Breakfast in Anatolia

Breakfast is one of C and A's favourite times of the day; be it weekday porridge (stay tuned for an upcoming post on A's Guide to Perfect Porridge) or more indulgent weekend alternatives, both love taking time to enjoy good food in the mornings.

During our recent trip to Turkey, one of our culinary highlights became the breakfasts; travelling through remote Eastern Turkey in particular meant that the only way to go for the first meal of the day was traditional Turkish - something which we were both more than happy to embrace. So enamoured are we with the Turkish way of eating breakfast now upon our return, in fact, that we thought it deserves its own post; and so here's our ultimate guide to breakfast, the Anatolian way.

Traditional Turkish breakfast outside our Ottoman mansion hotel in Safranbolu

Turkish breakfasts are beautiful in their simplicity; bearing similarities to breakfasts in other Middle Eastern countries (so A, who has more widely travelled there, testifies), it's both light enough to be enjoyable in hot weather, and substantial enough to be filling.

Essentially lots of small plates of food that are then eaten together mezze-style, Turkish breakfasts generally consist of a selection of the following: tomatoes (the freshest and best you'll have ever tasted), cucumber, black olives, eggs (usually boiled, but sometimes served in an omelette-type form called menemen), two types of cheese (beyaz peynir resembles feta, the other, called kashar, is similar to haloumi) and bread. Two types of bread are usually served as well; the first being something like a shorter, fatter French baguette, and the other - Simit - resembles a bagel, but with a bigger hole in the middle and sesame seeds on top.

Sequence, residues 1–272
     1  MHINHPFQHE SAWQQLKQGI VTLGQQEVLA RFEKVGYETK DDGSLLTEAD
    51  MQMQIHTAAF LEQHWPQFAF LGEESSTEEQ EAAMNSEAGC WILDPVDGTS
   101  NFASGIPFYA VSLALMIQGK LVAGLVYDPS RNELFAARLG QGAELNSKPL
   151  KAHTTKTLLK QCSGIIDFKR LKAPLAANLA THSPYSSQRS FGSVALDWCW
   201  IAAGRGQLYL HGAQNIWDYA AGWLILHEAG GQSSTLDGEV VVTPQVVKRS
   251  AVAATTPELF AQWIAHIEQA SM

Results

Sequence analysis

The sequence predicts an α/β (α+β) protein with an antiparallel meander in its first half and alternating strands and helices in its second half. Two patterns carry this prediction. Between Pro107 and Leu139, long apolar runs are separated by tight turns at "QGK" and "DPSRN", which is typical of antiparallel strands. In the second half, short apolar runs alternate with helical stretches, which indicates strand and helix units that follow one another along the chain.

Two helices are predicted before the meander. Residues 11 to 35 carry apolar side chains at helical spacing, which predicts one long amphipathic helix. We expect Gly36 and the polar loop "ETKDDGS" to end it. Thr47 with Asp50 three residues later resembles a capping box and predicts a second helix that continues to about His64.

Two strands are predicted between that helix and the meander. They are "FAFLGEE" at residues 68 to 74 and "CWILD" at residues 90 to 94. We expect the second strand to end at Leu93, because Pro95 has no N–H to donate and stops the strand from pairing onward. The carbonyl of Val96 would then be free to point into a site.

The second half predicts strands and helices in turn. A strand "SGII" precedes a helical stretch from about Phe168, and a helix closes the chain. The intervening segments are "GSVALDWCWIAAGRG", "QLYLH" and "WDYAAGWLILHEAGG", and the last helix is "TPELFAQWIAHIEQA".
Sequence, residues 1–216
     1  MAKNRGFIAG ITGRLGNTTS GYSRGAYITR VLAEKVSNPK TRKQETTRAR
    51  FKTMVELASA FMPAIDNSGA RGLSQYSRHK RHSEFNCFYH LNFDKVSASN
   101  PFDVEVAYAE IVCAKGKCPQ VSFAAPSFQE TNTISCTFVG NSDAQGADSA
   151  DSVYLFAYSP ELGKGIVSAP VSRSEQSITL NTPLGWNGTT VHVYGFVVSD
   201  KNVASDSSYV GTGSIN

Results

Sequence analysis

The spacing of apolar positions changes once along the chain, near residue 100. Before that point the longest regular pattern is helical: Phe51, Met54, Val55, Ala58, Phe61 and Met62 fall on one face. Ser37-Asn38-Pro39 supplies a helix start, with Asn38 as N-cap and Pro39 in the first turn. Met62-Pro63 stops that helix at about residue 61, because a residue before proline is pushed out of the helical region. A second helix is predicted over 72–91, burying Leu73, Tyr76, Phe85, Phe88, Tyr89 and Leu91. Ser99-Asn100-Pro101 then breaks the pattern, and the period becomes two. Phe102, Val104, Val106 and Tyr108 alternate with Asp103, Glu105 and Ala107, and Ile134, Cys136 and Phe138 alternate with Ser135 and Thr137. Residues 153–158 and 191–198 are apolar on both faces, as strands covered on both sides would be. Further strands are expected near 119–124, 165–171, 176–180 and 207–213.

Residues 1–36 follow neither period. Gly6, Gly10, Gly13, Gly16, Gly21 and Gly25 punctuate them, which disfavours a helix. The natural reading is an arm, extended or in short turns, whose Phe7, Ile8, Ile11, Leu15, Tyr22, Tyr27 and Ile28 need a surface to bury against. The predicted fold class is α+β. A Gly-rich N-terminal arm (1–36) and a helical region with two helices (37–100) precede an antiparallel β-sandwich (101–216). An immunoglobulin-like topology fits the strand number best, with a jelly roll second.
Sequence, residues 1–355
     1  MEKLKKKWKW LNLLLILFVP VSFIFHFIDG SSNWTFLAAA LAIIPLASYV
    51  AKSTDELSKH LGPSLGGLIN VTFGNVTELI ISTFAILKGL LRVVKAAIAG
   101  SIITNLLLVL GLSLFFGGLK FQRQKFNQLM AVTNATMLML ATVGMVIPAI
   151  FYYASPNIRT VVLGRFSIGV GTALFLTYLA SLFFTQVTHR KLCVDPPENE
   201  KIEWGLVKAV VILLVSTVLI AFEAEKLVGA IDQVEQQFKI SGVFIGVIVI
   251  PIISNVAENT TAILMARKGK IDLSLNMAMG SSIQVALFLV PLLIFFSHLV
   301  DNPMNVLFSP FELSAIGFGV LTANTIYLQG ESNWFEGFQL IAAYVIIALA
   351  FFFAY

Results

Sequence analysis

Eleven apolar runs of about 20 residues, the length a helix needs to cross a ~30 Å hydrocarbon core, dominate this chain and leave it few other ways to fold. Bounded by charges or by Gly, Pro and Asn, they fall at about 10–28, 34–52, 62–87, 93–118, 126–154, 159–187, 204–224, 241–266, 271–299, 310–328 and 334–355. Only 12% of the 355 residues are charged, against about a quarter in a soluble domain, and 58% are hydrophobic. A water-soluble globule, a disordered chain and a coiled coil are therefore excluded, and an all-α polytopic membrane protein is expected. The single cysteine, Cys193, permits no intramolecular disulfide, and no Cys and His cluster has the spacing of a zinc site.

A bagel, but not as we know it...
These are the essentials that seem to constitute even the most basic of Turkish breakfasts, although fancier breakfasts served in hotels and restaurants will more than likely also include a variety of jams and spreads, bowls of nuts and various other types of cheese as well.

This was true of what was undoubtedly the best breakfast we had while in Turkey, which we enjoyed in an Ottoman mansion in Safranbolu, a beautifully preserved historic town which enjoys UNESCO World Heritage Site status. With authentic cobbled streets, grape vines hanging overhead and an array of little interesting sites around town, it's worth taking the time to visit Safranbolu if you're in that part of Turkey - and, with many of the historic Ottoman houses now converted into hotels, it makes for an ideal romantic destination for a night or two.

Some of the Turkish breakfast spread
Our breakfast in Safranbolu was unbelievably good; enjoyed on the terrace outside the Ottoman house, we were presented with plates and plates of great food that kept coming - every time we'd finish one dish, three more would be presented to us, with a smile. Eventually beaten by the sheer amount of food on offer, we finally admitted defeat and enjoyed a few cups of Turkish black tea in the sunshine before starting our day. Bliss.

Turkish tea to start the day

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